Similar to Guatemala, Nicaragua encourages the commercial, export-oriented growth of the agricultural sector. The end of the revolution in 1990 initiated the deregulation of agricultural markets, and disassembled state credit and extension services. This model continues today under the Ortega regime, even though the government has created social programs and some supports for small-scale farmers [7
]. Martí i Puig and Baumeister argue that the Ortega government, which claims to be socialist, has coopted the rural poor with targeted assistance, rather than addressing rural poverty through structural reforms [7
]. Aguilar-Støen posits that, currently, Nicaragua is undergoing a re-concentration of land, with the growth of neo-extractivist agriculture, including sugar cane, peanuts, and cattle ranching [11
The history of contemporary Nicaraguan migration, like Guatemalan migration, began during the country’s civil war, when official and non-officially recognized refugees fled to Costa Rica, Honduras or the United States. Migration, especially to Costa Rica, intensified with the restructuring of the economy in the early 1990s and again after Hurricane Mitch devastated the region in 1998. Unlike Guatemala, Nicaraguans in large part migrate to neighboring countries, like Costa Rica and El Salvador, making South-South migration, rather than South-North migration, a key livelihood strategy.
Hunger is intrinsically linked to poverty, which in both countries is especially a rural problem. In Nicaragua, for example, with about half of the population living in rural areas, 25% of the households are classified as extremely poor and suffer food insecurity [27
]. In Guatemala, poverty is reported to be very high—in 2014, 59.3% of the population lived in poverty [28
]. More than half (52%) of the indigenous population, most of which lives in rural areas, is affected by poverty. The experience of food insecurity, or hunger, in Caballo Blanco and Somotillo reflects these wider rural patterns in Guatemala and Nicaragua, as our study results below demonstrate.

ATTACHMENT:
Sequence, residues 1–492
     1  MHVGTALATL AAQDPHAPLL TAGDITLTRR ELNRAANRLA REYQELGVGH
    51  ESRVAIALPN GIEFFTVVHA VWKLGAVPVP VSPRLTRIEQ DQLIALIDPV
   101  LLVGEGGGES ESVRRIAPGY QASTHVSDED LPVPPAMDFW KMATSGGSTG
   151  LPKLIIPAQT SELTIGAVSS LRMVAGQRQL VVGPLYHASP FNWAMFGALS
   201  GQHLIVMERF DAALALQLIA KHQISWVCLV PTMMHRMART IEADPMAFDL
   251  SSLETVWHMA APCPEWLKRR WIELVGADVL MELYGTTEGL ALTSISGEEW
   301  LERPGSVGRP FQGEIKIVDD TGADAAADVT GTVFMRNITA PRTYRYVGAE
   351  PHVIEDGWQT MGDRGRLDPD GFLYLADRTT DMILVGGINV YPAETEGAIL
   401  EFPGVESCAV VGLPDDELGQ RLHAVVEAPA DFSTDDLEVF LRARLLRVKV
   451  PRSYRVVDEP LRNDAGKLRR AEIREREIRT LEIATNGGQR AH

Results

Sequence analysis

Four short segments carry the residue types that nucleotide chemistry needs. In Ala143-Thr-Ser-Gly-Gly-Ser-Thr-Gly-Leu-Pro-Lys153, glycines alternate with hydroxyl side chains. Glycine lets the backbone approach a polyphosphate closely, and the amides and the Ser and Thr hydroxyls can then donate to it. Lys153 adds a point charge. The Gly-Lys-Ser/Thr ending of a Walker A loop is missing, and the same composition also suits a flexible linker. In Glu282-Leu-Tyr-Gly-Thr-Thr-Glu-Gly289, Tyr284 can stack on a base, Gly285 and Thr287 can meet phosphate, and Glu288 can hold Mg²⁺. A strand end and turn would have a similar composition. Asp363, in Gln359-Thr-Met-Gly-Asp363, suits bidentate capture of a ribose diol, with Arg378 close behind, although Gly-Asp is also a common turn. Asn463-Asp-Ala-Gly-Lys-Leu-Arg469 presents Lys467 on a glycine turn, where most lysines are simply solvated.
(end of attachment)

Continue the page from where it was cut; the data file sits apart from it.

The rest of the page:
4. Study Sites and Methods
The villages of the study site in Nicaragua are located in the northern part of the country in the municipality of Somotillo, located in the low lying, coastal department of Chinandega, bordering Honduras (See Figure 1
). Somotillo is part of the so-called “dry corridor”, which covers approximately 34% of the national territory and where 80% of the country’s population lives [29
]. Over the last five decades, the climate in this region is becoming drier, with less frequent but more intense and unpredictable rains (see [28
]). The population is mainly made up of ‘mestizos’—or people of mixed indigenous and European descent.
The villages in the aldea of Caballo Blanco in the Guatemala study site are located in the Pacific lowland department of Retalhuleu (See Figure 1
). Climate and soil conditions for agricultural production are generally good, with a mixed system of large-scale commercial sugar cane and cattle ranching and smallholder maize production. Retalhuleu has a short but intense dry season and experiences rain during most months, with average annual rainfall of 3154 mm. The population in Caballo Blanco mostly identifies as non-indigenous ‘ladino’, although many of the original and contemporary settlers include members of both K’iche and Mam Maya indigenous groups, who themselves were displaced from Guatemala’s western highlands and came to Caballo Blanco in search of land.